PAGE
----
as I have always conceived it has been to lay a foundation of training such as will primarily equip the lad for military service, should it become essential, but at the same time to use that period of training which necessarily must cover some years, to the best possible advantage to equip the lad generally for the work of the world. Military training is of course paramount, otherwise we should not be justified in entering the field of education at all, for that would be the work of the provinces. But from what I have observed, the training of the boys, and the central purpose is the most efficient and general training to make a man of him, is just about all that the fondest parent could desire. The arts education is naturally not quite so wide nor varied as it is in a university. In the classics there is virtually none; in the English classics the training is very fair; in French it is now better than it was, I think I should say it is very good; in the engineering phases of the education it is of course excellent. Speaking particularly of the mathematical branch I can say that the military college curriculum is well on a level with the honours mathematical work of our best universities. Indeed, it is little below the highest standard achieved by the best universities of Canada. Hon. gentlemen will see then that from the point of view of mental training the curriculum is excellently designed. I myself was surprised at the standard demanded particularly in mathematics.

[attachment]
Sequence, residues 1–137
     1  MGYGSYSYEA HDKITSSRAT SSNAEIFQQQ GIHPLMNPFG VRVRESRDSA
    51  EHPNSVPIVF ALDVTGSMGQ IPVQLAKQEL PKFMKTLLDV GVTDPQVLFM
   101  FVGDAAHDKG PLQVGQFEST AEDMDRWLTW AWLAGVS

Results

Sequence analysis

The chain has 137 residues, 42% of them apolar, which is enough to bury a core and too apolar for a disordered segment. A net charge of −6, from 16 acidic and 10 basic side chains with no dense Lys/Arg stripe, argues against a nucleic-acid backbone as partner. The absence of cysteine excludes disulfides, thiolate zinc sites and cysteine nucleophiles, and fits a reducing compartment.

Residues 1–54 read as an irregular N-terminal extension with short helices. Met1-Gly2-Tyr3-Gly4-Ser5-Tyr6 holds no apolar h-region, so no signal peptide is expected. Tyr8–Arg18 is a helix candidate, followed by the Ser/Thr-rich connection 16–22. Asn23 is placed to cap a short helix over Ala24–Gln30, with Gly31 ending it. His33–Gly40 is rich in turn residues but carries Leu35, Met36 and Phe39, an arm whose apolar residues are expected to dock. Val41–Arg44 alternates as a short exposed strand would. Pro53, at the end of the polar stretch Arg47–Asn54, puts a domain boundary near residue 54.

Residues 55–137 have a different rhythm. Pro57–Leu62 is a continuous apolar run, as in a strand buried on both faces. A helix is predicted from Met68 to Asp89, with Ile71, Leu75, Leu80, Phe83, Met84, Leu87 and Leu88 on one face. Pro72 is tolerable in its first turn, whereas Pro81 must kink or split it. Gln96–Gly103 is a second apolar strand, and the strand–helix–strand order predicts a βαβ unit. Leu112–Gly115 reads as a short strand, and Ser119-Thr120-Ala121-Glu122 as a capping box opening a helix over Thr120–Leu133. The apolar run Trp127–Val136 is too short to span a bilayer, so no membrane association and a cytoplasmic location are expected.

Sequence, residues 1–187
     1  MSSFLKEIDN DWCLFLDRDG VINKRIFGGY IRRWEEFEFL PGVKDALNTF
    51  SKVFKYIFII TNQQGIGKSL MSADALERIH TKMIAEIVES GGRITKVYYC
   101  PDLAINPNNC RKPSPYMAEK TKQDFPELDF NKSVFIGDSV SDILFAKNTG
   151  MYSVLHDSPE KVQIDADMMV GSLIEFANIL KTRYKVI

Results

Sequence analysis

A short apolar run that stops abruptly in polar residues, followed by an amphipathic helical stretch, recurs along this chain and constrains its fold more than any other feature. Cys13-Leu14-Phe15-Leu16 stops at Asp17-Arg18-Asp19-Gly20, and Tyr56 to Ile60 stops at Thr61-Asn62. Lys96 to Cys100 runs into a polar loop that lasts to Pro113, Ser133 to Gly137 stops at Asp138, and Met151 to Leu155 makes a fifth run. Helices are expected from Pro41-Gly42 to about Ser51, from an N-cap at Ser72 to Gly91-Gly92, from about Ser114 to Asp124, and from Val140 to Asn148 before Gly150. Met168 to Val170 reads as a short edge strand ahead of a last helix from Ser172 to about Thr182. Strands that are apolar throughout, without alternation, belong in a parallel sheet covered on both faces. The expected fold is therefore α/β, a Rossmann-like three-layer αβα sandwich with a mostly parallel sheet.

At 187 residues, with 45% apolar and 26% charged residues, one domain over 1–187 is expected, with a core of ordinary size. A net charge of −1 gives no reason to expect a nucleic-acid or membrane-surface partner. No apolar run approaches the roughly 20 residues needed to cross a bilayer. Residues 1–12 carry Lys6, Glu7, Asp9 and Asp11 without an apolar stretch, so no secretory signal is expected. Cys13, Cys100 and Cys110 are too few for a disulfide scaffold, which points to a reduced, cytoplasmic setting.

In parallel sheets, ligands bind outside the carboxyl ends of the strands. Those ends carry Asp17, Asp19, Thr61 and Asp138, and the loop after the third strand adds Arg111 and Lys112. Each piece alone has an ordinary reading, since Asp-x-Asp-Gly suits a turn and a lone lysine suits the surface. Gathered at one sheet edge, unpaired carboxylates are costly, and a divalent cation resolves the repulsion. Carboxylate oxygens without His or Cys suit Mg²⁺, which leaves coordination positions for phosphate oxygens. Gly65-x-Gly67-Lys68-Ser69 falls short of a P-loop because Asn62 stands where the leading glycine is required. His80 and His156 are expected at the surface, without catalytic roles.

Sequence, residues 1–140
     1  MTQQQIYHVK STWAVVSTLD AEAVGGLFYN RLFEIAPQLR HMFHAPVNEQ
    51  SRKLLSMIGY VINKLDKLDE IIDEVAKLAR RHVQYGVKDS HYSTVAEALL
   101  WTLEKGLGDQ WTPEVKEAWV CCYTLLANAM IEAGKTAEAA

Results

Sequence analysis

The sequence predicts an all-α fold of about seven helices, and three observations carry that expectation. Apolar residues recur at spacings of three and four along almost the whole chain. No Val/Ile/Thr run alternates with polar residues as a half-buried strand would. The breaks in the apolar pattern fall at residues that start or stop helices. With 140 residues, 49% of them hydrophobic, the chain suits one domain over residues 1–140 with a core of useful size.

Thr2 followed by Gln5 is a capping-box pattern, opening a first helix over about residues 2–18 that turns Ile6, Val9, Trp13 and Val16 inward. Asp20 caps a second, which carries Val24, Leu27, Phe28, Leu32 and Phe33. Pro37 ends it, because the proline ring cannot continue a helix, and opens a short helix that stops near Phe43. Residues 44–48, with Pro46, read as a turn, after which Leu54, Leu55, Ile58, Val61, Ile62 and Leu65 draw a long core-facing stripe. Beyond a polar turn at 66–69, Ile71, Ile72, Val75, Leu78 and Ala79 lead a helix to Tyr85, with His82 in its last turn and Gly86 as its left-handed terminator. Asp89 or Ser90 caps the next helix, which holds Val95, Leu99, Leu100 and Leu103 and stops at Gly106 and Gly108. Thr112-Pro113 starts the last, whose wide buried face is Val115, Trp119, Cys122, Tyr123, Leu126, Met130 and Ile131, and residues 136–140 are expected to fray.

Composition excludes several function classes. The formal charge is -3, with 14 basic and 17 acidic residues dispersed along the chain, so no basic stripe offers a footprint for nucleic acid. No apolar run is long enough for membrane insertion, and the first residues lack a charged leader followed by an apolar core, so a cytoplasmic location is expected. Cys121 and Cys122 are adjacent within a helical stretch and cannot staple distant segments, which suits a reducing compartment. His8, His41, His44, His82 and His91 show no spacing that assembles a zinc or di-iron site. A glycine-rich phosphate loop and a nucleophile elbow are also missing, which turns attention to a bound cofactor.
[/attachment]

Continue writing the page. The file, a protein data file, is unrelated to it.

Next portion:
Now, the main purpose to which all this converges is of course to develop in the lad those principles of conduct and that outlook on life and as well to develop that physical equipment which will form the foundation upon which he can serve his country should the necessity of service in the military field be demanded of him. If there is in a boy, when he goes to the college, anything of innate manliness that quality is going to come to the surface and be developed. And few there are who ever enter it who come out without such qualifications and such elements of manhood pre-eminent and manifest. The sense of discipline is impressed so indelibly that no one ever can lose it; and what is better still, the sense of honour is so implanted that he is bound to carry it through his life. So highly is the boy trained to realize the value of time and to realize what duty means that I can well conceive that the graduate of that college would be more in demand in the business world than perhaps the graduate of any other institution. I may say that the head of one of the